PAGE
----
Excerpts Frm Susan Ludington-Hoe Comprehensive Review
Excerpts From :
A Comprehensive Evidence-Based Review of Skin-to-Skin (Kangaroo) Care with Fullterm Infants
Susan M. Ludington-Hoe, R.N., CNM, Ph.D., FAAN
Barbara Morrison, R.N., CNM, FNP, Ph.D.
Gene Cranston Anderson, R.N., Ph.D., FAAN
- Keep the infant in KC at least until the first suckling at the breast has been accomplished
(Sinusas & Gagliardi, 2001; Warren, 2008).
- Kangaroo Care increases oxytocin release in both mother and infant. Oxytocin, in turn, facilitates
breastfeeding, bonding, maternal relaxation, uterine contractions, and minimization of stress
(Dordevic et al., 2008; Uvnas-Moberg, 2003; Uvnas-Moberg et al., 2005).
- Suckling maintains development of the anterior pituitary’s prolactin-secreting cells even when
estrogen drops at cell integrity. Suckling also induces prolactin surges in maternal blood,
supporting normal lactation (Uvnas-Moberg, 1999; Uvnas-Moberg, 2003).
- The colostrum delivered with the initial sucks is rich in T and B lymphocyctes, enhancing infant
- Also, sending the infant to the observation nursery at any time during postpartum is detrimental
because once the infant is in the nursery, treatments, physical assessments, and screenings get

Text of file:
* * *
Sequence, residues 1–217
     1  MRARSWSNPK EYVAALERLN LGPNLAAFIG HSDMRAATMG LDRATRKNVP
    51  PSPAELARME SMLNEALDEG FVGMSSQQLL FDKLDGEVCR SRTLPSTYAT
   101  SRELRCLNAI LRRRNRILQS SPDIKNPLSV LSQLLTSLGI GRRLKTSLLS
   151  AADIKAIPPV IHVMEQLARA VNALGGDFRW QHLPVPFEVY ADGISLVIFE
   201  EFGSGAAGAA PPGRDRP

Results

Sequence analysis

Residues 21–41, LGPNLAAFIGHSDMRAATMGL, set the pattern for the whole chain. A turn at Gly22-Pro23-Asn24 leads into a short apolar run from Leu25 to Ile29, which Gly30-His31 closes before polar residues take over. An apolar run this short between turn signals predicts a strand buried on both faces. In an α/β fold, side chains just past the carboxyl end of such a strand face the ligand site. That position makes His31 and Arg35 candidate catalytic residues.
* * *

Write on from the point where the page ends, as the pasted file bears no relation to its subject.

clustered together and result in prolonged separation from the mother (Vazquez & Berg, 2012).
Conducting these procedures at the mother’s bedside is the best practice.
- Have the mother provide continuous KC until discharge. Mother and infant should remain in KC as much as possible throughout the postpartum stay for improved interactions, development, and breastfeeding (Kent et al., 2012;Vasquez & Berg, 2012).
- Continue KC as much as possible throughout the first three months of life
(Chalmers, O’Brien, & Boscoe, 2009)
- Use KC as a FIRST intervention for breastfeeding problems (Vazquez & Berg, 2012).
- Remember, Kangaroo Care is the newborn’s playground (Winberg, 2005). birth – a condition
that threatens prolactin
Kangaroo Care’s continual use throughout the mother’s day can be accomplished using a tube top, slings, or wraps to position the infant near the breast while maintaining maternal modesty as the mother conducts routine postpartum activities.